U.S. Issues New Coronavirus Safety Guidance for Meat, Poultry Plants

By | April 27, 2020

The U.S. Labor Department issued new guidelines on Sunday for U.S. meatpacking and meat-processing plants that have seen a rash of coronavirus outbreaks, saying employees should be spaced at least 6 feet (1.8 m) apart and screened before they start working.

The interim guidance from the Labor Department’s Occupational Safety and Health Administration also recommended temperature checks and the wearing of cloth face coverings as a protective measure.

The guidance was issued jointly with the U.S. Centers for Disease Control and Prevention.

“As essential workers, those in the meatpacking and processing industries need to be protected from coronavirus for their own safety and health,” OSHA’s deputy assistant secretary, Loren Sweatt, said in a news release.

Excerpts from OSHA’s new interim guidance for meat and poultry processing workers and employers:

  • Configure communal work environments so that workers are spaced at least six feet apart, if possible. Use physical barriers to separate workers, if feasible.
  • Ensure adequate ventilation in work areas to help minimize potential exposures.
  • Add additional clock in/out stations, spaced apart, to reduce crowding in these areas.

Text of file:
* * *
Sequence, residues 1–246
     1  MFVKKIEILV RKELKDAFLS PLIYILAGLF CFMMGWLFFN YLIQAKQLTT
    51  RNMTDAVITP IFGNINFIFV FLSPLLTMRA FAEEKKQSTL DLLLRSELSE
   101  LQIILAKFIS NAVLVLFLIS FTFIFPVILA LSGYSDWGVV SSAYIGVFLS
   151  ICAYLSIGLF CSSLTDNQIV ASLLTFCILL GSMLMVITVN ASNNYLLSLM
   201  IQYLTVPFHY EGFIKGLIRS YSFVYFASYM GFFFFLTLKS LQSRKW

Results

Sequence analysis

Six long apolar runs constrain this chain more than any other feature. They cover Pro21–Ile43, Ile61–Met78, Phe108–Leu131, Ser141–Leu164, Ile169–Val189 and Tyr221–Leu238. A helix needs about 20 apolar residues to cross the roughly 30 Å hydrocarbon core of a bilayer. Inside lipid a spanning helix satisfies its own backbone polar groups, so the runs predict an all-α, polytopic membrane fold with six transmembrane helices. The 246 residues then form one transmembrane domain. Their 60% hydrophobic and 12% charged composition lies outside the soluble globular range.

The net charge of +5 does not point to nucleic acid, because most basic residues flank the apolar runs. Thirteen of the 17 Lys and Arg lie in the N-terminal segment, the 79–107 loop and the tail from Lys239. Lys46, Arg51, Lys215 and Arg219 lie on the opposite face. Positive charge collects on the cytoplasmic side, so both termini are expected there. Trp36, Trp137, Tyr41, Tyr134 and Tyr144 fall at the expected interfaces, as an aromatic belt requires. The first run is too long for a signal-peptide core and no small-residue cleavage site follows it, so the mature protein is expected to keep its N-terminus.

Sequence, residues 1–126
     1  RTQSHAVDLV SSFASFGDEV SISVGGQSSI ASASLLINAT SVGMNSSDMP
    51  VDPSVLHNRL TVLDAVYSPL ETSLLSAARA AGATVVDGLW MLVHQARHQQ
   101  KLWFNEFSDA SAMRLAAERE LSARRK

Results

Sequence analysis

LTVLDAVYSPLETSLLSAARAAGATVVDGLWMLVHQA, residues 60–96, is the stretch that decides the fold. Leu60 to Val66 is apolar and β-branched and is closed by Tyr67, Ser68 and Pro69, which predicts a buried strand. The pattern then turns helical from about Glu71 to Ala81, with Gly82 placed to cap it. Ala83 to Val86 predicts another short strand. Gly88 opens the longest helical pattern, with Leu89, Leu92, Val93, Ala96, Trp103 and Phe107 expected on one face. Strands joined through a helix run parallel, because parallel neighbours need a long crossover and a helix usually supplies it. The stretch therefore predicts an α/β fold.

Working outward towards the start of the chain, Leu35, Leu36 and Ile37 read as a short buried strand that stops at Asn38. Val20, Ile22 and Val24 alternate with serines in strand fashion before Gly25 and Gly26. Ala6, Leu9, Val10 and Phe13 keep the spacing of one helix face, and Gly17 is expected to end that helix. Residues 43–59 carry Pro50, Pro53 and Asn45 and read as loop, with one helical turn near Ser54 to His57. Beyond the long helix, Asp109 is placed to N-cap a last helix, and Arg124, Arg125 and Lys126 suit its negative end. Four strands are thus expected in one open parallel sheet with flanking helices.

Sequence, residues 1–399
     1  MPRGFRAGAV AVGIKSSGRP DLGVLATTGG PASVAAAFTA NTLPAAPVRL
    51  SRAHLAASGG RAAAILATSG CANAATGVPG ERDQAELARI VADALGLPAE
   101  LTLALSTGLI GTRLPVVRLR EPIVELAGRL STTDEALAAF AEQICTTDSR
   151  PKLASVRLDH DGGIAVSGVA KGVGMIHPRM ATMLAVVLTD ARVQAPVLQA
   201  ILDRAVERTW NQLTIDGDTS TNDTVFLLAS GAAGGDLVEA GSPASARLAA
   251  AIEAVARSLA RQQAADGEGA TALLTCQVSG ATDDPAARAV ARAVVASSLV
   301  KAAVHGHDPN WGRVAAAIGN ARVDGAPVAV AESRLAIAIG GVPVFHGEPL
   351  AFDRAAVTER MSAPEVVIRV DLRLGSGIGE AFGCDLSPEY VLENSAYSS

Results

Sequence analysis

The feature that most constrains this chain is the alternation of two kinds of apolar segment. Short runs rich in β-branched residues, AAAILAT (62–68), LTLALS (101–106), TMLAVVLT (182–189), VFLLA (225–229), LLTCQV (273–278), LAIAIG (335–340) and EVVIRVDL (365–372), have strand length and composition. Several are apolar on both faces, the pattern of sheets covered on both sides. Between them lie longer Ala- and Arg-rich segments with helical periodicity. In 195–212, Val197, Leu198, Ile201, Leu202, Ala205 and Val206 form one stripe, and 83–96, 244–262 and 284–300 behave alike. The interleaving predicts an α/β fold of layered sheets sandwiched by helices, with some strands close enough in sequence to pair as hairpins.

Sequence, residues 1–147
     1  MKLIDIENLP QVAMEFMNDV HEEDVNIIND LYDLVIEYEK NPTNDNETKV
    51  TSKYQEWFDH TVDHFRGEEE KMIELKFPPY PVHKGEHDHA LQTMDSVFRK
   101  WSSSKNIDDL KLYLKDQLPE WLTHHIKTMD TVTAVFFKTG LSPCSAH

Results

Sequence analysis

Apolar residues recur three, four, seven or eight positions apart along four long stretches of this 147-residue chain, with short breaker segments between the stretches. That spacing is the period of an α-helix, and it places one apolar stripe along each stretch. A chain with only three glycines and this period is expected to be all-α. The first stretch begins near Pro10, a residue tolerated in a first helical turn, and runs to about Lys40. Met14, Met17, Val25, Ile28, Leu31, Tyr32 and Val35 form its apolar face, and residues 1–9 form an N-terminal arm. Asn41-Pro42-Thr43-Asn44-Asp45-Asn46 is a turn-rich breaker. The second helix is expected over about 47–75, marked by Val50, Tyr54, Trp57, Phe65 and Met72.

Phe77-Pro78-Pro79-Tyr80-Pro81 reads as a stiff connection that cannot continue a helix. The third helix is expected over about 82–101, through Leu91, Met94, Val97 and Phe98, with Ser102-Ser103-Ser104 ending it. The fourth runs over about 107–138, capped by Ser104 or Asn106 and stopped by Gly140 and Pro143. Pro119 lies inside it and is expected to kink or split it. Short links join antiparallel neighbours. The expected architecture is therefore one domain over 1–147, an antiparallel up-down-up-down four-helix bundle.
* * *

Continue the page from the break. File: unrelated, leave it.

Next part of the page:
• Encourage single-file movement with six-foot distancing through the facility, where possible.
  • Stagger break times or provide temporary break areas and stagger workers’ arrival and departure times to avoid congregations.
  • Consider cohorting workers in which groups of workers are always assigned to the same shifts with the same coworkers.
  • CDC recommends wearing cloth face coverings. Employers should provide readily available clean cloth face coverings (or disposable face mask options) for workers to use when the coverings become wet, soiled, or otherwise visibly contaminated.
  • Screening meat and poultry processing workers for COVID-19 symptoms (such as temperature checks) is an optional strategy that employers may use.

COVID-19, the respiratory disease caused by the novel coronavirus, has spread widely through U.S. slaughterhouses where large groups of employees often work shoulder to shoulder.

More than 5,000 U.S. meat- and food-processing workers have been infected with or exposed to the new coronavirus, and 13 have died, the country’s largest meatpacking union said on Thursday.

Meat suppliers including Tyson Foods Inc., Brazilian-owned JBS USA, and WH Group Ltd.’s Smithfield Foods have all closed pork plants.

Despite Virus Outbreak, Midwest States Work to Keep Meat Plants Open

Many labor unions, Democrats and worker advocates have criticized OSHA for what they say has been an inadequate response to the pandemic. OSHA had recommended employers take various steps, rather than adopting emergency standards requiring them.

The slaughterhouse shutdowns are disrupting the U.S. food supply chain, crimping the availability of meat at retail stores and leaving farmers without outlets for their livestock.

(Reporting by Jan Wolfe; Editing by Peter Cooney)

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